Implementing a Double-Ended Queue (or Deque) in C#


The .NET framework contains a large number of collection classes. However, there are a few omissions including the double-ended queue (or deque) which is present in the standard libraries of other languages such as C++ and Java and is particularly useful in job scheduling applications.

In the case of an ordinary queue, items can only be added at the back and retrieved from the front of the queue. However, a deque allows items to be added at and retrieved from either end of the queue.

I thought it would therefore be useful to implement a Deque<T> class in C# to supplement the Queue<T> class which is already present in the .NET Framework.


Deques are often implemented using doubly linked lists to which they are closely related. In fact another name for a deque is a 'head-tail linked list'.

The main difference between the two is that you can insert elements into or remove elements from the middle of the linked list as well as at the end points.

However, because of the way that heap memory is allocated, doubly linked lists (namely LinkedList<T>) are not very efficient in .NET and I have therefore used two List<T>'s , placed back to back, instead.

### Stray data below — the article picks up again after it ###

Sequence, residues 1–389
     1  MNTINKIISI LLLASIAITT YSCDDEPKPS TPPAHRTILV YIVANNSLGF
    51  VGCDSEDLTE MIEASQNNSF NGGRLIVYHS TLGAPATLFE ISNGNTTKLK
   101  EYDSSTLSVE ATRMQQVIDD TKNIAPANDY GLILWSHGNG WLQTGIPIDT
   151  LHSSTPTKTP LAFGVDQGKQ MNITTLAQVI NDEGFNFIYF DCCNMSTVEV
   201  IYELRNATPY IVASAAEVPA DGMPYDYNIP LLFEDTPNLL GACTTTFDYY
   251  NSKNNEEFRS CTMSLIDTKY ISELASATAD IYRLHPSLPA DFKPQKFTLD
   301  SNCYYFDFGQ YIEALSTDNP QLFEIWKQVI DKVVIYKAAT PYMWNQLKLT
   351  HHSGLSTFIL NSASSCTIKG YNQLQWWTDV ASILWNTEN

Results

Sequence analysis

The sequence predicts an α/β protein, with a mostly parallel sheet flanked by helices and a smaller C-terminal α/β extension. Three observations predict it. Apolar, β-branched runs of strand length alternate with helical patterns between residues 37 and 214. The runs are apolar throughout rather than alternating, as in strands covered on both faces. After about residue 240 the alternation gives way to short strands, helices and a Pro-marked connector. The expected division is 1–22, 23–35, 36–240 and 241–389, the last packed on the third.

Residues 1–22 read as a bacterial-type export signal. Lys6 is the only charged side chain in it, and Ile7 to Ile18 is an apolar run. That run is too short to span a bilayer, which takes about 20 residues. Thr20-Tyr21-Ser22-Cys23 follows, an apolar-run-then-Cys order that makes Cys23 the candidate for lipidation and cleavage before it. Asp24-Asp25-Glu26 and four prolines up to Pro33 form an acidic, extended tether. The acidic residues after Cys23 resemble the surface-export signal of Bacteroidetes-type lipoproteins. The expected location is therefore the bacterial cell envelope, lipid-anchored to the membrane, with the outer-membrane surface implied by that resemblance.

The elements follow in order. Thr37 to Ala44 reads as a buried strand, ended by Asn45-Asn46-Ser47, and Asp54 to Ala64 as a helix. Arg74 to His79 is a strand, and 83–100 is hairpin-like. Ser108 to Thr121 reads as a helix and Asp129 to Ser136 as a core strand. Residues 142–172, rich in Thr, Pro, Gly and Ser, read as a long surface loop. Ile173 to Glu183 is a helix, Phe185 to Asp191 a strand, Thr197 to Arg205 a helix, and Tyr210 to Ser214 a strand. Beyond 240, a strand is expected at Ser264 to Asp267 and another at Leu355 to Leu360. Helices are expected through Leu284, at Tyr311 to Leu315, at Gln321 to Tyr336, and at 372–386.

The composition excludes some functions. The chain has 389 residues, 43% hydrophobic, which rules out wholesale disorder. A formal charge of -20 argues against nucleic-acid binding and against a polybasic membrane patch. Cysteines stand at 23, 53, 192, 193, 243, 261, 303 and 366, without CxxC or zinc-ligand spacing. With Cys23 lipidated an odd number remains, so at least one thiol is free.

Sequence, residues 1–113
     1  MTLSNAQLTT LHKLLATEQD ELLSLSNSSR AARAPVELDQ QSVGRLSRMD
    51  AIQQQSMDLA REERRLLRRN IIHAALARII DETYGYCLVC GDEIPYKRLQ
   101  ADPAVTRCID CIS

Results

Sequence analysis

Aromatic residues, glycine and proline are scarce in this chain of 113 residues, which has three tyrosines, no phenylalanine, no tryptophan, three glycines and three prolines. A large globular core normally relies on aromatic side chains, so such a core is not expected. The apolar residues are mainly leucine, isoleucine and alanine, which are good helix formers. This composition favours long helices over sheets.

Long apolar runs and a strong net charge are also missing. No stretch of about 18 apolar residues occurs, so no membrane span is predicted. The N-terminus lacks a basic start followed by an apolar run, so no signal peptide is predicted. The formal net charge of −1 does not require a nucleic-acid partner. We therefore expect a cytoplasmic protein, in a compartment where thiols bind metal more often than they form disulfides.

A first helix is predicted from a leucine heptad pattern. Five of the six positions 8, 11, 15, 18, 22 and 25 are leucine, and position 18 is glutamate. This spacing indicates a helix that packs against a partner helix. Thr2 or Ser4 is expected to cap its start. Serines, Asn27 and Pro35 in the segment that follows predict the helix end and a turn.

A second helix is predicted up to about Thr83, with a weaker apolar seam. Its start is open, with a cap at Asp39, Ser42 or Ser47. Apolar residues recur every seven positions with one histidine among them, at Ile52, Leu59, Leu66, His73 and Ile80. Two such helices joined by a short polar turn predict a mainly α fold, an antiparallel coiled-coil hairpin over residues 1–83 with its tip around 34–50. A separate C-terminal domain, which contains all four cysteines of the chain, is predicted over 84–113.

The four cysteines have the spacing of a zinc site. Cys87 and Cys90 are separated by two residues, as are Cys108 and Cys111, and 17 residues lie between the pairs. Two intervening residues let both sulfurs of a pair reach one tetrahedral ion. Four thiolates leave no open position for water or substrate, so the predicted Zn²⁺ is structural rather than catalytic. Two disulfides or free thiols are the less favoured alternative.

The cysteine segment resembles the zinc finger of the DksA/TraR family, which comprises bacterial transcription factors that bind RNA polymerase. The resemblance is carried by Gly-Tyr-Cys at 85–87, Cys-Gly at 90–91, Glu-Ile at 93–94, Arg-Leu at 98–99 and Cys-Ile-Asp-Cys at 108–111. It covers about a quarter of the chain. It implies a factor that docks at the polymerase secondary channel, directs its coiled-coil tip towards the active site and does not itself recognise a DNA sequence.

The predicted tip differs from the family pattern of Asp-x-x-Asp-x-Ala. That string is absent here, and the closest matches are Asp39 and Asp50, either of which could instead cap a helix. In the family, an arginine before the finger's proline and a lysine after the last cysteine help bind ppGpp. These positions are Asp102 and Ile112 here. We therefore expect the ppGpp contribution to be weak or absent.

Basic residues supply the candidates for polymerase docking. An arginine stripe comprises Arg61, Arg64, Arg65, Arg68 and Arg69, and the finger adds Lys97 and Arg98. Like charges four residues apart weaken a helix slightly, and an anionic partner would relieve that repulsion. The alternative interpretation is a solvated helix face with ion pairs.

I would have preferred to use back to back queues instead but this wasn't feasible as the items in the queues would need to be accessed by index in the circumstances described later in this section.

One List<T> represents the front and the other represents the back of the deque. Provided that there is always at least one element in both lists, then this approach is about three times faster than using a doubly linked list.

The difficulty, of course, is what to do if you need to remove an element from one end of the deque and there are no elements left in the corresponding list.

What I decided to do is to return the first element of the other list and mark it for deletion but not actually delete it. Deletion is a relatively expensive operation because all the other elements of the list need to be moved down in memory.  Also simply marking it for deletion is better than it sounds because the capacity of the list (i.e. the maximum number of elements it can accommodate) is never reduced automatically when deletions take place. So having deleted items still sitting in memory does no immediate harm.

However, it does do some longer  term harm because it reduces the time needed before the capacity of the list next needs to be increased (a very expensive operation) and, in the case of reference type elements,  increases  the time before they can be garbage collected if there are no other references to them.